Let me paint you a picture…
You send out a weekly email blast featuring your best products or deals.
Suddenly, your two copywriters have opposing theories on what subject line to use.
You’ve been using the same old one for the past month, and it seems to be converting at around 5%.
But, one of your copywriters believes that a new subject line will convert better.
Who do you believe?
Well, like a good marketer you won’t assume.
You A/B test the two subject lines with equal sample sizes.
You find that the new subject line is converting 2% higher.
Depending on the size of your email list and how frequently you send this promotional email, you’ve just received a significant bump in revenue.
That’s why A/B testing is important.
Let’s break it down…
Stage 1. What Metric?Now one thing to note, before you even consider the metrics below you NEED to improve your deliverability. There is no point if all your emails are landing in spam, or just plain not being received. Read this guide if you want a step-by-step on this. Now… Before you run a test, start with the end in mind. What metric are you trying to improve? Here is a table you can use as a reference point
Different metrics in order of testing (based on the goal of max profit) and what you could test to improve it:
|Metric||Priority||Email A/B Testing Factors|
|Open Rate||1||A: Short subject line vs. B: Long subject line |
A: Personalised subject line vs. B: Generic subject line
A: Morning send time vs. B: Evening send time
|Click-Through Rate (CTR)||2||A: Image-heavy design vs. B: Text-heavy design |
A: Single CTA button vs. B: Multiple CTA buttons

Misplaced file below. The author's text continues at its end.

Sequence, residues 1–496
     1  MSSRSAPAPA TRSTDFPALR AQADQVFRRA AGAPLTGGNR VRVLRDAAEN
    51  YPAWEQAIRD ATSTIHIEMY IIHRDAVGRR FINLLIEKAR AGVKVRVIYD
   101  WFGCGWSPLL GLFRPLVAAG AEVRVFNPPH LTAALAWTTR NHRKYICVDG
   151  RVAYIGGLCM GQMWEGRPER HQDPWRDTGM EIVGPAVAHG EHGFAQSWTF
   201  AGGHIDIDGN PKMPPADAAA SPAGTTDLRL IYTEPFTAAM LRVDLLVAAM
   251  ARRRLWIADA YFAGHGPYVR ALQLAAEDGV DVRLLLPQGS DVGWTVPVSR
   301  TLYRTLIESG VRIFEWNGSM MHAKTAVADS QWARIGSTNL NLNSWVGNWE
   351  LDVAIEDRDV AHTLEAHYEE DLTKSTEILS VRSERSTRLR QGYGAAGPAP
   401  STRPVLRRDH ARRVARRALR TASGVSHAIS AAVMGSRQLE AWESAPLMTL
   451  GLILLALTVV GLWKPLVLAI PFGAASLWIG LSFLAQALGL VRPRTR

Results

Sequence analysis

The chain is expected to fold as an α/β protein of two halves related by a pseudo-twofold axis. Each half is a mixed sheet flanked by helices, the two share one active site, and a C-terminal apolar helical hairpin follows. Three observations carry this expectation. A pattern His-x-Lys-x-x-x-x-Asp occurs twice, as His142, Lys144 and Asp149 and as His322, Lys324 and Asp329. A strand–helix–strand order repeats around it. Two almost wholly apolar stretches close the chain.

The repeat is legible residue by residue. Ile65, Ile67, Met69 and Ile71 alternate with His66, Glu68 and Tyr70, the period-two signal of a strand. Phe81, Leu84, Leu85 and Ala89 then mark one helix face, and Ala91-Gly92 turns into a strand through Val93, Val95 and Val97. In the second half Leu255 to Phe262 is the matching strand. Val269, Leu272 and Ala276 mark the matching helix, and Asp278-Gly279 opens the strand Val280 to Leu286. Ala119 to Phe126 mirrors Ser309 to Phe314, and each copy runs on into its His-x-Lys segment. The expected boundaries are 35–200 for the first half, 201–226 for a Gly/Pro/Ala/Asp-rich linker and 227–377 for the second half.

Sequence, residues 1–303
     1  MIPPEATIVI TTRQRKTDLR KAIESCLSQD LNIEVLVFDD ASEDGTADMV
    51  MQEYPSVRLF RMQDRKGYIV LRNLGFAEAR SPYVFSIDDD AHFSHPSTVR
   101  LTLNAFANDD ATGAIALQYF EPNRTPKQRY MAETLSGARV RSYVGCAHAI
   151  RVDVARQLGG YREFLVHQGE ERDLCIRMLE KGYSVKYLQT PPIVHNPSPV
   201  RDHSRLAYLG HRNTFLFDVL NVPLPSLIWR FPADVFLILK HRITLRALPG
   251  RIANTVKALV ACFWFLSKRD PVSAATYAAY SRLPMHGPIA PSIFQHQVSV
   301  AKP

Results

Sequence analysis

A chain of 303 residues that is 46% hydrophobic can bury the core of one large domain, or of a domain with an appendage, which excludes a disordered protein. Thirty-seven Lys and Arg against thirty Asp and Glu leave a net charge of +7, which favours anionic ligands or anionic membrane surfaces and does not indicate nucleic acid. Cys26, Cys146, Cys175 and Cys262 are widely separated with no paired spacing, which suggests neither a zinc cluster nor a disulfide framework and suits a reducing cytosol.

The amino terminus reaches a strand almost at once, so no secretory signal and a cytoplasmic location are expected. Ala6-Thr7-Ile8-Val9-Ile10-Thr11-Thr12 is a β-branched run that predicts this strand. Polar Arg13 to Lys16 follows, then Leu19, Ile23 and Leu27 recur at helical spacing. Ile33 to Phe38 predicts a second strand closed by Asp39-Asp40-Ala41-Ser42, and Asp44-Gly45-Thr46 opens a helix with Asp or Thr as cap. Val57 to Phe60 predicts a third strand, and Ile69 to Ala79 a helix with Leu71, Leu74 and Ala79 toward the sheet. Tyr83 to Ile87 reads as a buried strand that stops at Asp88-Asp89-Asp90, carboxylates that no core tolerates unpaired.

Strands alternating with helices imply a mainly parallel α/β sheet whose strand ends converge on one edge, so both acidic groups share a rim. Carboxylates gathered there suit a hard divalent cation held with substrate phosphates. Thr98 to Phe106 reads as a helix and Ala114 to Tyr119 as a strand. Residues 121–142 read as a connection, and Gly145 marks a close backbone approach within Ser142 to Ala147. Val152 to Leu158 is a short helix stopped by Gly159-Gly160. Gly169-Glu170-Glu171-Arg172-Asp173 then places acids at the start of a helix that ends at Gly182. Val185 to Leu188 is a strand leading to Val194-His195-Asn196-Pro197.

A: Personalised content vs. B: Non-personalised content
|Conversion Rate||3||A: Percentage discount vs. B: Fixed amount discount |
A: Product-focused landing page vs. B: Offer-focused landing page
A: Standard abandoned cart email vs. B: Incentivised abandoned cart email
|Email Revenue per Subscriber||4||A: Weekly email frequency vs. B: Bi-weekly email frequency |
A: Direct upselling vs. B: Bundled upselling
A: Standard re-engagement email vs. B: Incentivised re-engagement email
|List Growth Rate||5||A: Pop-up sign-up form vs. B: Embedded sign-up form |
A: Short lead magnet vs. B: Long lead magnet
A: Organic social media promotion vs. B: Paid social media promotion
Stage 2. Understanding the Best Practices for TestingBefore we get into the nitty-gritty of actually conducting the test, just want to cover a few recommendations. It will make your tests a lot smoother. Since our agency, Strikecopy, operates mainly with Klaviyo I will make some reference to it in this section.
Develop a hypothesisTo start A/B testing, you should create a hypothesis based on what you want to achieve. For example, you might think that a subject line with an emoji will perform better than one without. Or, you might believe that an email from a person at your company will perform better than one from your company name. Once you have a hypothesis, you can choose the email elements to test. You can start testing micro-elements like CTA button color, preview text, and subject line length. Or, you can test more significant elements like email layout, images, and brand voice to make a major difference. But personally, I recommend…
Testing high-impact, low-effort elements firstYou can’t test everything at once. It’s best to start with high-impact elements that are easy to test, like subject lines, CTA copy, and email layout. These tests are quicker and much easier to analyze the data for. Once you’ve tested those, you can move on to the significant elements that we mentioned before. When running these texts make sure you…